Print 31 comment(s) - last by rushfan2006.. on Jan 30 at 10:19 AM

An ultra-dense 160-kilobit memory made up of a 400 x 400 grid of nanowires

Two-state rotaxane molecules act as switches

The memory chip placed among white blood cells for size comparison
Researchers create memory circuit the size of a human white blood cell

A team of UCLA and California Institute of Technology chemists has created an ultra-dense memory device that stores information using reconfigurable molecular switches. The 20 kilobyte memory device has a bit density of 100 gigabit per square centimeter and has enough capacity to store the Declaration of Independence with space left over. The accomplishment represents an important step toward the creation of molecular computers that are much smaller and could be more powerful than today's silicon-based computers.

“Using molecular components for memory or computation or to replace other electronic components holds tremendous promise,” said J. Fraser Stoddart, who is the Fred Kavli Chair in Nanosystems Science at UCLA and director of the California NanoSystems Institute. “This research is one of the only examples of building large molecular memory in a chip at an extremely high density, testing it, and working in an architecture that is practical, where it is obvious how information can be written and read.”

The memory is based on a series of perpendicular, crossing nanowires, similar to a tic-tac-toe board: 400 silicon wires crossed by 400 titanium wires, each 16 nanometers wide. Sitting at each crossing of the tic-tac-toe structure and serving as the storage element are approximately 300 bistable rotaxane molecules. These molecules may be switched between two different states, and each junction of a crossbar can be addressed individually by controlling the voltages applied to the appropriate top and bottom crossing wires, forming a bit at each nanowire crossing.

Hewlett-Packard researchers just last week announced a breakthrough in using nanowires in transistor assembly as well.

“For this commercial dream to be realized, many fundamental challenges of nano-fabrication must be solved first,” Stoddart said with regard to Caltech's breakthrough. “The use of bistable molecules as the unit of information storage promises scalability to this density and beyond. However, there remain many questions as to how these memory devices will work over a prolonged period of time. This research is an initial step toward answering some of those questions.”

“We have shown that if a wire is broken or misaligned, the unaffected bits still function effectively; thus, this architecture is a great example of 'defect tolerance,' which is a fundamental issue in both nanoscience and in solving problems of the semiconductor industry,” Stoddart explained. “This research is the culmination of a long-standing dream that these bistable rotaxane molecules could be used for information storage.”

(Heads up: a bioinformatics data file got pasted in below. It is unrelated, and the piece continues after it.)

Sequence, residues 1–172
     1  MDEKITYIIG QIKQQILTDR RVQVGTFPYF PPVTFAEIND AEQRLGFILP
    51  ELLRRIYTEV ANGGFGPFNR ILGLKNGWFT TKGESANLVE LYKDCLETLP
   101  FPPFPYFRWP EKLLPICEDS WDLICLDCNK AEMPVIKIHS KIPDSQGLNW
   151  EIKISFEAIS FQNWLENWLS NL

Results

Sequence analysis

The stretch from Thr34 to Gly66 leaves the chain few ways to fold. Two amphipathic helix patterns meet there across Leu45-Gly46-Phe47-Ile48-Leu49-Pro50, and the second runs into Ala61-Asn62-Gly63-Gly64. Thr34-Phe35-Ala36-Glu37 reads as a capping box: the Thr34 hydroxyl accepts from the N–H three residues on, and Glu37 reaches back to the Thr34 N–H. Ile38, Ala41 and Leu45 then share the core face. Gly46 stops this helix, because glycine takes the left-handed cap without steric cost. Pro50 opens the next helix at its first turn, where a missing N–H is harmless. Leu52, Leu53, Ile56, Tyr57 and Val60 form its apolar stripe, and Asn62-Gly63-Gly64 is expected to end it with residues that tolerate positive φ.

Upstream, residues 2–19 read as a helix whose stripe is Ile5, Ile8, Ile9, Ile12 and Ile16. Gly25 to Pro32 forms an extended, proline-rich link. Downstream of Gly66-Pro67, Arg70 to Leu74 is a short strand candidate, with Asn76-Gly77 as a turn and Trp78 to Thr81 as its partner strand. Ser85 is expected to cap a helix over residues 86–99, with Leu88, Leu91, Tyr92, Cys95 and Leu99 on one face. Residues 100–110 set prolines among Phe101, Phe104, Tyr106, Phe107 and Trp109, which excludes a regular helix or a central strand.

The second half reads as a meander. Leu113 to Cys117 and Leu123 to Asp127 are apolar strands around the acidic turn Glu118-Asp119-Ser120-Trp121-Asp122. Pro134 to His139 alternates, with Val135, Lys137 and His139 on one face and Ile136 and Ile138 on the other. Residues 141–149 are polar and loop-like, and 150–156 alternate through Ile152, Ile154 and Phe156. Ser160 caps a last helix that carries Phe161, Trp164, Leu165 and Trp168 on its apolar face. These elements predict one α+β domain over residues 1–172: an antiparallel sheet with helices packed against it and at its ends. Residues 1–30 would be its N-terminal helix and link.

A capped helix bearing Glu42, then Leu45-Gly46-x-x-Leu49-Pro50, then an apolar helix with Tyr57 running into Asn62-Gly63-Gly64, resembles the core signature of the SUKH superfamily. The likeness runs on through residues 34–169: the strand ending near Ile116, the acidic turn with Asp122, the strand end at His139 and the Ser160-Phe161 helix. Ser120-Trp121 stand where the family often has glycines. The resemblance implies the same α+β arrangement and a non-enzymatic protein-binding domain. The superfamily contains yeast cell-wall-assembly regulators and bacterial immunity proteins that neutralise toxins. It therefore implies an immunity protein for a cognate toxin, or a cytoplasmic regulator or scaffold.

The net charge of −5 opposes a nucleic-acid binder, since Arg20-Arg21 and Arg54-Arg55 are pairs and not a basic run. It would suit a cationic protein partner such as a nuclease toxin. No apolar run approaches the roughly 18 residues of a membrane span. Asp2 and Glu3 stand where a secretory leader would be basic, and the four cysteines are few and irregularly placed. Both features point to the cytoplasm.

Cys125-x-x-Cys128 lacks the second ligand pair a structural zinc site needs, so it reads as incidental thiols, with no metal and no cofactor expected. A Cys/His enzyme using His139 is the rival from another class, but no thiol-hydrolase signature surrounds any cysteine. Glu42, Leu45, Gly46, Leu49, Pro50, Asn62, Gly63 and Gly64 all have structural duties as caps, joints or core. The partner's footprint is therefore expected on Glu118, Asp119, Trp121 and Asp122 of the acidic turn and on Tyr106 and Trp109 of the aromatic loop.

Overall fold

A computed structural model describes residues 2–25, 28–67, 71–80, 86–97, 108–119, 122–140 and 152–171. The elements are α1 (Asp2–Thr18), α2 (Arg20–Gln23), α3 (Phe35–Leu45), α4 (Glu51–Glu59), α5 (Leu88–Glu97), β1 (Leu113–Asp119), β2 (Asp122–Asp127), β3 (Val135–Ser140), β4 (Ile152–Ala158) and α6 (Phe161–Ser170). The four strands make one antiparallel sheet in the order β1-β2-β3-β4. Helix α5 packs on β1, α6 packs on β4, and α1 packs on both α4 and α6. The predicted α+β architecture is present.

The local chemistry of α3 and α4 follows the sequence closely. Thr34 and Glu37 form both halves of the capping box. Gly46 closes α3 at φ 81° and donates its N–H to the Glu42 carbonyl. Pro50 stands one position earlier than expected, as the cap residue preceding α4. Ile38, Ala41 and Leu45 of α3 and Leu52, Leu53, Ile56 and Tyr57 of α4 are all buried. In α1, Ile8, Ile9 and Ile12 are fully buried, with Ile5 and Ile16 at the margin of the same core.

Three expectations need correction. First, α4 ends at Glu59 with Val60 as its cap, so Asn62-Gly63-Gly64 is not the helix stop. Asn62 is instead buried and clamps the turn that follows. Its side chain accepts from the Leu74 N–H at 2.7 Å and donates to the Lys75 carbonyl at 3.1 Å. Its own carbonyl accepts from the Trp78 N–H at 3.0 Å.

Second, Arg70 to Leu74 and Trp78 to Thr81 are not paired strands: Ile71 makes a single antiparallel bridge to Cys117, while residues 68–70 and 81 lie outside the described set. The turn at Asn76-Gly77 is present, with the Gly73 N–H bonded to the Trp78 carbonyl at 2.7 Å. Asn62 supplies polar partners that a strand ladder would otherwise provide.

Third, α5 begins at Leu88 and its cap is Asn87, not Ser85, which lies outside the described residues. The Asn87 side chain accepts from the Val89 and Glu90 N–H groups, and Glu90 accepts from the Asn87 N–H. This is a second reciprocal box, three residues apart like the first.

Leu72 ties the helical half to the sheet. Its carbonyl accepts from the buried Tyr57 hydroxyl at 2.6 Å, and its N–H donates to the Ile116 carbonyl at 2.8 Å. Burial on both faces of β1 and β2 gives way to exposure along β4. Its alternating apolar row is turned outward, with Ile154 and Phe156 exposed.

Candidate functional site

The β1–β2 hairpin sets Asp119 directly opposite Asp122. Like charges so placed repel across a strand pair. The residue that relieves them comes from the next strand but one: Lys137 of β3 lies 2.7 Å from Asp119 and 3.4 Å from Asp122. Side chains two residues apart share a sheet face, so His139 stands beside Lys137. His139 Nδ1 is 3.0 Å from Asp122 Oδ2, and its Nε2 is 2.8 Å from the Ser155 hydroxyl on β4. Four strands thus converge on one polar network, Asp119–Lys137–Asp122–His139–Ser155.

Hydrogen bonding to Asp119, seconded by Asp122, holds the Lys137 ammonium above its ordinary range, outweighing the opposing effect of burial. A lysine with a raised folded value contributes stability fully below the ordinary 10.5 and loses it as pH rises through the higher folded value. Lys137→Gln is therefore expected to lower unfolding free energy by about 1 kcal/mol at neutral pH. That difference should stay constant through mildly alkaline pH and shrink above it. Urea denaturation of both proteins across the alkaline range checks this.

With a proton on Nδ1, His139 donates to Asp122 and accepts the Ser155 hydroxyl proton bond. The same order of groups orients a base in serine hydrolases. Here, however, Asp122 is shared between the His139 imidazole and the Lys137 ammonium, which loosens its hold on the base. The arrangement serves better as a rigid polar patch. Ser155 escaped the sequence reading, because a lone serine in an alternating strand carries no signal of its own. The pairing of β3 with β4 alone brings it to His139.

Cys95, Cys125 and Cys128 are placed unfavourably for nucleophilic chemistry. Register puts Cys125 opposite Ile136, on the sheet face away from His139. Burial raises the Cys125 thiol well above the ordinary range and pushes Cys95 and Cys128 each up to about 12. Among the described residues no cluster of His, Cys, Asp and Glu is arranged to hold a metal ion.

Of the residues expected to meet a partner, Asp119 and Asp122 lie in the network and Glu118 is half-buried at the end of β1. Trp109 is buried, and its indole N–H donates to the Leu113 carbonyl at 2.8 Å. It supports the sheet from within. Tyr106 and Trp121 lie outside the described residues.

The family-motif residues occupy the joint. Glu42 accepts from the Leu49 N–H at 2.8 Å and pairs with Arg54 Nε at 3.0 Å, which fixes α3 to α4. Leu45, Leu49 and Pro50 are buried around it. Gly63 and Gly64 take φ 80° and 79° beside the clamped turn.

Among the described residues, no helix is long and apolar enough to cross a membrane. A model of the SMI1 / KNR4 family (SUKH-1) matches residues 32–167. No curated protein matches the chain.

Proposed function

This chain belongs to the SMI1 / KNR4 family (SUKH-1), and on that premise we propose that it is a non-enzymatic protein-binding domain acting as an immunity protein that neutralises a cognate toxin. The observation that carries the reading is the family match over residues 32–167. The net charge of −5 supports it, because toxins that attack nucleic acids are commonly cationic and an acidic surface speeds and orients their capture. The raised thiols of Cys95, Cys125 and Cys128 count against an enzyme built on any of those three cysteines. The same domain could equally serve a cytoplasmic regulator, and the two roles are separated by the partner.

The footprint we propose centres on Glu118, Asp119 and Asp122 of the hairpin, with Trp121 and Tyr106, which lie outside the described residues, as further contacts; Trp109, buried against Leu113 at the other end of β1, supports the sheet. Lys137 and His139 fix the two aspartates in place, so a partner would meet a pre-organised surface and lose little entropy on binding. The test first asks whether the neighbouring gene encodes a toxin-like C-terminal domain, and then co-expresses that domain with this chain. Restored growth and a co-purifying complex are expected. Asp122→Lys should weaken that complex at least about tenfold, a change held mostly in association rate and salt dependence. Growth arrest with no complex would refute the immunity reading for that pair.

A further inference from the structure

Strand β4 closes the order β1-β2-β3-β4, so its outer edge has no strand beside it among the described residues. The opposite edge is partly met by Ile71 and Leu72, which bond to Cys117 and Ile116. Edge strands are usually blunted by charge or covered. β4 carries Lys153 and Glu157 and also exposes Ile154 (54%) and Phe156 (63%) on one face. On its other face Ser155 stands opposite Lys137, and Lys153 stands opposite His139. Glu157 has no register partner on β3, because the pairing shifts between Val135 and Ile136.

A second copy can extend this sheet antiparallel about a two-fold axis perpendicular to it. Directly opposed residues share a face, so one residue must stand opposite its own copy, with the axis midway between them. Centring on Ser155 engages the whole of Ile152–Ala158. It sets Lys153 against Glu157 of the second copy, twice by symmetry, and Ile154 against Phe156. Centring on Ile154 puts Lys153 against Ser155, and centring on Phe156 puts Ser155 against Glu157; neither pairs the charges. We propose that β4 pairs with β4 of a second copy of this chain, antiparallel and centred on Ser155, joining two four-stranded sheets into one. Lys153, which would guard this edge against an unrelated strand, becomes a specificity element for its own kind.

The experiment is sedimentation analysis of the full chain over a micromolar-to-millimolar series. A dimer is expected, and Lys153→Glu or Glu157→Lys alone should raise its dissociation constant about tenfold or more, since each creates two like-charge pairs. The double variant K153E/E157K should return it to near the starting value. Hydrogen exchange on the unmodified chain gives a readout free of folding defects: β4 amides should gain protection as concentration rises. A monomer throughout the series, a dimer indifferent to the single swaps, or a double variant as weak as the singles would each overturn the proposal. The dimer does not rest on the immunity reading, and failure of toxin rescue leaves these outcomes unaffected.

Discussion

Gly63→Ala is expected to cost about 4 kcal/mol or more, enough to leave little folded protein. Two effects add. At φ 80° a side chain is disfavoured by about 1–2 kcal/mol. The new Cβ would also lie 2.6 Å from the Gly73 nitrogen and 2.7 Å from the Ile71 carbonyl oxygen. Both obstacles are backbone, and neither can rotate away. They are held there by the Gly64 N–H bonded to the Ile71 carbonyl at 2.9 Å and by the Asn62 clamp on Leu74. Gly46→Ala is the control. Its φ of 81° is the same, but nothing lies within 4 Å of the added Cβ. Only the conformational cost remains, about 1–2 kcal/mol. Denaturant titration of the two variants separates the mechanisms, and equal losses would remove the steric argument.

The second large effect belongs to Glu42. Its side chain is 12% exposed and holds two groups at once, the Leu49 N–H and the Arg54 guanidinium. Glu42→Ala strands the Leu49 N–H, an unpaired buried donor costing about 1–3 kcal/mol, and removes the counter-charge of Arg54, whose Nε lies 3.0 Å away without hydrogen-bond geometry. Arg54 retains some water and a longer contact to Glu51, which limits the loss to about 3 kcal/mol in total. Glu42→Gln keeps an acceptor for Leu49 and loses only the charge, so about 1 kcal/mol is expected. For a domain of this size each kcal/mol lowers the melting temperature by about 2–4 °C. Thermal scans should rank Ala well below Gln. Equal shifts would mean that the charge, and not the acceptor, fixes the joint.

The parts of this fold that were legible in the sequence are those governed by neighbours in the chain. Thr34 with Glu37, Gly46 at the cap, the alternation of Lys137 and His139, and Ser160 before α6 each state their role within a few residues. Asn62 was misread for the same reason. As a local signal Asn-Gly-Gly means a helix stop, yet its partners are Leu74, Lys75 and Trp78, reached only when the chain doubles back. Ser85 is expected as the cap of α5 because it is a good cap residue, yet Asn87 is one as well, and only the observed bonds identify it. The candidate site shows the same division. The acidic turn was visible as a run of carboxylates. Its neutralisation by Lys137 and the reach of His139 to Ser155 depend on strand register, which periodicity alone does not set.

“It's the sort of device that Intel would contemplate making in the year 2020,” says James Heath, who is the Gilloon Professor at Caltech. “But at the moment it furthers our goal of learning how to manufacture functional electronic circuitry at molecular dimensions.”

The 2020 date assumes the validity of Moore's Law, which states that the complexity of an integrated circuit will typically double every year, leading to a projection that the electronics industry will achieve a device density comparable to the memory circuit in about 13 years.

However, the Caltech-UCLA team points out in their report that manufacturers can see no clear way at present of extending this miniaturization beyond the year 2013. The new approach of the Heath team, therefore, will show the potential for making integrated circuits at smaller and smaller dimensions.

“Our goal was not to demonstrate a robust technology; the memory circuit we have reported on is hardly that,” said Heath. “Instead, our goal was to demonstrate that large-scale, working electronic circuits could be constructed at a density that is well-beyond 10-15 years where many of the most optimistic projections say is possible.”

“Molecular switches will lead to other new technologies beyond molecular electronic computers,” Stoddart said. “It is too soon to say precisely which ones will be the first to benefit, but they could include areas such as health care, alternative energy, and homeland security.”

Stoddart, his collaborator James R. Heath, the Elizabeth W. Gilloon Professor of Chemistry at the California Institute of Technology, and their research teams report the work in the January 25 issue of the journal Nature. The research was funded primarily by the National Science Foundation and the Defense Advanced Research Projects Agency.

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it can't be just me
By lufoxe on 1/29/2007 9:08:51 AM , Rating: 2
I see useful everyday use for this, but why is it the first thing that comes to mind is military applications. (silent killers anyone?)

RE: it can't be just me
By Etern205 on 1/29/07, Rating: -1
RE: it can't be just me
By GoatMonkey on 1/29/2007 9:30:41 AM , Rating: 3
Do you know how much of the stuff you use every day was created as an offshoot of wartime technology development?

I'll agree that the U.S. needs to spend more on research, but we're far from being left in the dust in many categories.